As Senator Mark Warner pointed out last week in the Christian Science Monitor, the United States is still in a position where long-term debt reduction is much easier than in several European countries now in fiscal crisis.
Steep budget cuts are linked to recession and higher unemployment in Europe, argue several commentators (see here for example). Are they right? Certainly, some countries have struggled economically when reducing deficits before their economies have made a recovery.
The news that Britain has entered into a double-dip recession touched off a fierce debate last week over the role of austerity in the country's downturn.
Europe's worsening debt crisis--notably Italy's--should serve as a warning to the United States of what can happen to an otherwise steady, solvent economy whose debt is too high. In short, when debt gets so precariously high that interest payments become a very large budget line, debt markets can expand a slight decrease of confidence into a significant increase in interest rates. From there, the crisis can quickly descend into a national failure to refinance expiring bonds, and then possibly into national bankruptcy and default.
To the Shores of Tripoli – With President Obama on vacation and Congress in recess, most eyes are turned away from Washington and towards developments overseas. The Middle East is being closely watched with a strongman in Libya on the verge of falling and another in Syria involved in bloody fighting to stay in power. But Europe also is worthy of attention with the debt crisis there compelling leaders to discuss major fiscal and economic policy changes.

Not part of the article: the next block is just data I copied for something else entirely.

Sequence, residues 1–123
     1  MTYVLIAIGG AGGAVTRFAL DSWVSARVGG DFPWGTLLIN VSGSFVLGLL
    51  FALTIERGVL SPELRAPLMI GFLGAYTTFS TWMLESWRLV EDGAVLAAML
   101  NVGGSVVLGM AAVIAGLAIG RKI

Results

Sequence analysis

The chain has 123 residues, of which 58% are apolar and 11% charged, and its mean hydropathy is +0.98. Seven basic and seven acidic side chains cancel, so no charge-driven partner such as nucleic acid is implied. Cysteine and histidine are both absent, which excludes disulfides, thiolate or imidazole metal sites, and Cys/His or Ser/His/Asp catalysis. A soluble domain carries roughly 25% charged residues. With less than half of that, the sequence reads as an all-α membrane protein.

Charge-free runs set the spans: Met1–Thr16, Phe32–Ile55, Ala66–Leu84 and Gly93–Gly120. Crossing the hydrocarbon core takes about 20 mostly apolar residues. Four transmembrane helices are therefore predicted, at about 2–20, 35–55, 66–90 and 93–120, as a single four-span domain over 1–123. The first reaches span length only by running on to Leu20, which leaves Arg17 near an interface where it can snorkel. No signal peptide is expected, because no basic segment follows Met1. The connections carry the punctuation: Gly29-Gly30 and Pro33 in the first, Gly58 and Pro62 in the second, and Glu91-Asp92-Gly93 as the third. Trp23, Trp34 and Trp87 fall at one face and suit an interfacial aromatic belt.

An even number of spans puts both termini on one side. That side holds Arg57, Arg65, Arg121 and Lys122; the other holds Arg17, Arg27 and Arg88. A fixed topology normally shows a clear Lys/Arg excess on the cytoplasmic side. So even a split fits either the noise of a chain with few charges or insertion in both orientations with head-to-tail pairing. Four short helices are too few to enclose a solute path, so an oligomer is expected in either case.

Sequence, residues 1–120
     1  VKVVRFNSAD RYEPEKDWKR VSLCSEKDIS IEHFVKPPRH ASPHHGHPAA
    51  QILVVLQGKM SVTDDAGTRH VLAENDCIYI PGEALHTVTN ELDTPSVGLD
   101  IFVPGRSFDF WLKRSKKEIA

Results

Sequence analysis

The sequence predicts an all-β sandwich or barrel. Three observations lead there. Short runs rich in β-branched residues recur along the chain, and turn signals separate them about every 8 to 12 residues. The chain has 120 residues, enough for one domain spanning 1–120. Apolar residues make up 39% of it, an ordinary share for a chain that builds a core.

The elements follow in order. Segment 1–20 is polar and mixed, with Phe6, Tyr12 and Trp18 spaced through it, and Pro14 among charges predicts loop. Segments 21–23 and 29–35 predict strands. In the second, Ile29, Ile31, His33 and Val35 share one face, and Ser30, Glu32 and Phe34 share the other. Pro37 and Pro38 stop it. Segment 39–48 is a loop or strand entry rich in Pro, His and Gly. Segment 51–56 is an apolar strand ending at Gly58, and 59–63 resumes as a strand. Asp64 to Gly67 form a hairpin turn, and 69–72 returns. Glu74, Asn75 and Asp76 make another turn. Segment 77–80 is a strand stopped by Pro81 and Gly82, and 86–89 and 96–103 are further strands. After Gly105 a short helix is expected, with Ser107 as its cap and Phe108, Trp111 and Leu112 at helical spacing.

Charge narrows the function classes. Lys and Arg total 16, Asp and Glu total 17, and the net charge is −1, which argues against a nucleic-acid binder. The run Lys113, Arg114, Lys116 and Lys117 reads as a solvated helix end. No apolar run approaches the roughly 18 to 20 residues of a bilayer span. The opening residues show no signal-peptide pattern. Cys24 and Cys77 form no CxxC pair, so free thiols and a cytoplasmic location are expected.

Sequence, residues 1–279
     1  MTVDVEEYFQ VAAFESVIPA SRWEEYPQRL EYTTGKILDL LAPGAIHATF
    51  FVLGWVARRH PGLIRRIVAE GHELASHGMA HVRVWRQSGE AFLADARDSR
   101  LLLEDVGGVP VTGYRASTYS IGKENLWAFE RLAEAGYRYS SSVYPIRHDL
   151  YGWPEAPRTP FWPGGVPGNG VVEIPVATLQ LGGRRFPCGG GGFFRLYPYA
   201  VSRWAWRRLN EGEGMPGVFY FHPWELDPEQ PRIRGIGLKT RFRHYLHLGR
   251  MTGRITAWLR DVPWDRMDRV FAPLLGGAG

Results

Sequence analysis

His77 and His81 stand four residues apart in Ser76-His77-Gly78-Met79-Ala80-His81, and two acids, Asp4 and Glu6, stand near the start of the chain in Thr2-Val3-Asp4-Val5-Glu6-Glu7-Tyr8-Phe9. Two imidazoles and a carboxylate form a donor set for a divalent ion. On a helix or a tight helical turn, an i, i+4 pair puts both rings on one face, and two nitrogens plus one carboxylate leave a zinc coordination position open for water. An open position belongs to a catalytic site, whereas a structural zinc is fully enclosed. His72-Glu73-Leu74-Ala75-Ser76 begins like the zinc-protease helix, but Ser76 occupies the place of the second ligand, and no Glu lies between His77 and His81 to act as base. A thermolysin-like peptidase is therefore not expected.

Over at Ezra Klein's blog, Sarah Kliff writes about the "Maple Leaf Miracle," or how Canada was able to turn itself around after it was downgraded.
A recent report from the Associated Press Global Economy Tracker found that the U.S. national debt (as a percentage of GDP) is the fifth largest among the world's major economies. According to the Tracker, which analyzes financial and economic data from thirty of the world's largest economies, U.S. debt in the first three months of the year equaled 95 percent of GDP.
Megan McArdle at The Atlantic writes about what happens if China stops buying U.S. Treasury bonds. She points out that a fiscal crisis is unlikely to be foreshadowed by signs such as a gradual rise in interest rates or other countries merely slowing down lending. Rather, citing the studies of Carmen Reinhart, she argues that changes would be much more precipitous.
Students at Stanford University, under the guidance of Comeback America Initiative (CAI) CEO and CRFB board member David Walker, have developed a Sovereign Fiscal Responsibility Index (SFRI) in an attempt to compare the quality of fiscal policy across different countries. The study, unsurpringly, does not contain good news for the US.